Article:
Check out letters from those who agreed with us, and those who didn't


When I opened my mailbox and saw the Holiday Movie Preview (#406, Nov. 21) with Kevin Spacey on the cover, I knew there was something to be thankful for! It’s about time that Mr. Spacey was recognized for his enormous talent and the excellent work he continues to do. Thank you for this wonderful cover!
Heather Bartlett
North Franklin, Conn.

I just wanted to say thanks for the great story on Hong Kong’s No. 1 female action star, Michelle Yeoh. Michelle is strong, smart, and beautiful, and while she spin-kicks the s— out of her male opponents, she never loses her femininity. Now, when can I expect a cover story on Chow Yun-Fat?
Melissa Carman
Brighton, Mass.


Thank you for finally doing a story on the one and only Darin Morgan. You definitely got it right labeling him ”TV’s reluctant genius.” Still, Darin’s morose lack of interest in everything is proportionate to his brilliance! Who else can make you laugh so hard that you have trouble breathing over Millennium, a show that relishes dark, disturbing images of serial killers and the fear of the apocalypse?
Julie Ng


I feel that Starship Troopers goes a subversive step further than a mere ”wink-wink” at Nazi fascism. The film seems to suggest that the seeds for this futuristic fascism are already at work in American society, where, more and more, we are concerned with ”winning,” whether it be in a football game, in a film release, or mastering the solar system. Paul Verhoeven and Edward Neumeier sardonically take the prevailing U.S. mentality to the extreme, perhaps in an attempt to shake us up and make us question our own values.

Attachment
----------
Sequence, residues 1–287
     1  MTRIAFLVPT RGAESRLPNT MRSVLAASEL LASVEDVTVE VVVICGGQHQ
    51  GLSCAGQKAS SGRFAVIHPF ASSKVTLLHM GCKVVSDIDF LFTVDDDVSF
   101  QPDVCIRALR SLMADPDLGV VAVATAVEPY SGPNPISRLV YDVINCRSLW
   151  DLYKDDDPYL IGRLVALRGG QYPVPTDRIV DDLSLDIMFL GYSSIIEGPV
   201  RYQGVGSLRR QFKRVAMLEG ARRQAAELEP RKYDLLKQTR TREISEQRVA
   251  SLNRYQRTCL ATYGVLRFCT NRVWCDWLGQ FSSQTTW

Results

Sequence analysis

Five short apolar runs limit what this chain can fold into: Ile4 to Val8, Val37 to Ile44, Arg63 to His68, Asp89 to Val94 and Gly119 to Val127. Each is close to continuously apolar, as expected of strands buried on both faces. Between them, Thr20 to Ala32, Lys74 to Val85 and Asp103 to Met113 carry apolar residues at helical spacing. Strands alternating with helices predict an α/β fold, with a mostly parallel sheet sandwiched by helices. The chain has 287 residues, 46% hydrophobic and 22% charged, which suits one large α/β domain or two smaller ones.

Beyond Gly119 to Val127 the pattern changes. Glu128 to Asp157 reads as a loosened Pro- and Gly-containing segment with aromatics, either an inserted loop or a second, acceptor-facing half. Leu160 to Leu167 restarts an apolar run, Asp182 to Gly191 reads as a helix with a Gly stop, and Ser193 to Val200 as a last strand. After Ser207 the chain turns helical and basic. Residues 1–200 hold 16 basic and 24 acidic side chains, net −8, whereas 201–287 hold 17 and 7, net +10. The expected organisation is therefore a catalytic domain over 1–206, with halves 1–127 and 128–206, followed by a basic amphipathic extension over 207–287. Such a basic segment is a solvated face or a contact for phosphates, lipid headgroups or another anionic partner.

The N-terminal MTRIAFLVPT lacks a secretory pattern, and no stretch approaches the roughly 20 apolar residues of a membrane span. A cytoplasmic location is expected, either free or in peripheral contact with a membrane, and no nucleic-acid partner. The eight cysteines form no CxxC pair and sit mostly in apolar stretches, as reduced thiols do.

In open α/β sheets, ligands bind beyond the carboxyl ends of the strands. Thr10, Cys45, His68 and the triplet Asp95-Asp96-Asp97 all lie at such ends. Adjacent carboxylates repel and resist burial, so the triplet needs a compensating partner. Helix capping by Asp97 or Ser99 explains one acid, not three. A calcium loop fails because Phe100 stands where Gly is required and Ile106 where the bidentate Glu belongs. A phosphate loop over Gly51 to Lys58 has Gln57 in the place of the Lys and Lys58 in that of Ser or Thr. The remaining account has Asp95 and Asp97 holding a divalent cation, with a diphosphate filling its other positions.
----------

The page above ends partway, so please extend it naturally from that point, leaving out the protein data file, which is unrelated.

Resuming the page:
Geoff Beran
Bloomington, Ill.


My fellow students and I were amused by your description of our pop-culture program. But it should be known that Syracuse University’s ”TV Creators of the ’80s and ’90s” course — taught by Center for the Study of Popular Television founder Dr. Robert J. Thompson — is much more than ”90210 101.” As a graduate student who hopes to make the serious academic study of television my career, I’m doing much more than ”major[ing] in Melrose Place.” I’m learning to think critically about an art form that, though often maligned, profoundly impacts and shapes our culture. If that makes me an aspiring ”nutty professor,” then so be it.
David L. Hixson
Syracuse, N.Y.

CORRECTIONS: Terrence McNally’s play Love! Valour! Compassion! won a Tony award for Best Play in 1995, not a Pulitzer (Video). Sheena Easton, not Melissa Manchester, sang one of the Bond movie themes (Music). Dharma & Greg airs on ABC (#408, TV Winners & Losers). Natalie Portman was not interviewed by Cynthia Ozick for The New Yorker‘s Oct. 6 story on Anne Frank, nor did Ozick’s piece directly refer to Portman’s performance in the Broadway revival of The Diary of Anne Frank. Also, Portman was referring to playwright Wendy Kesselman’s new adaptation of the play when she told EW, ”It is truer to the actual diary than any of the previous [productions] have been” (#408, Stage).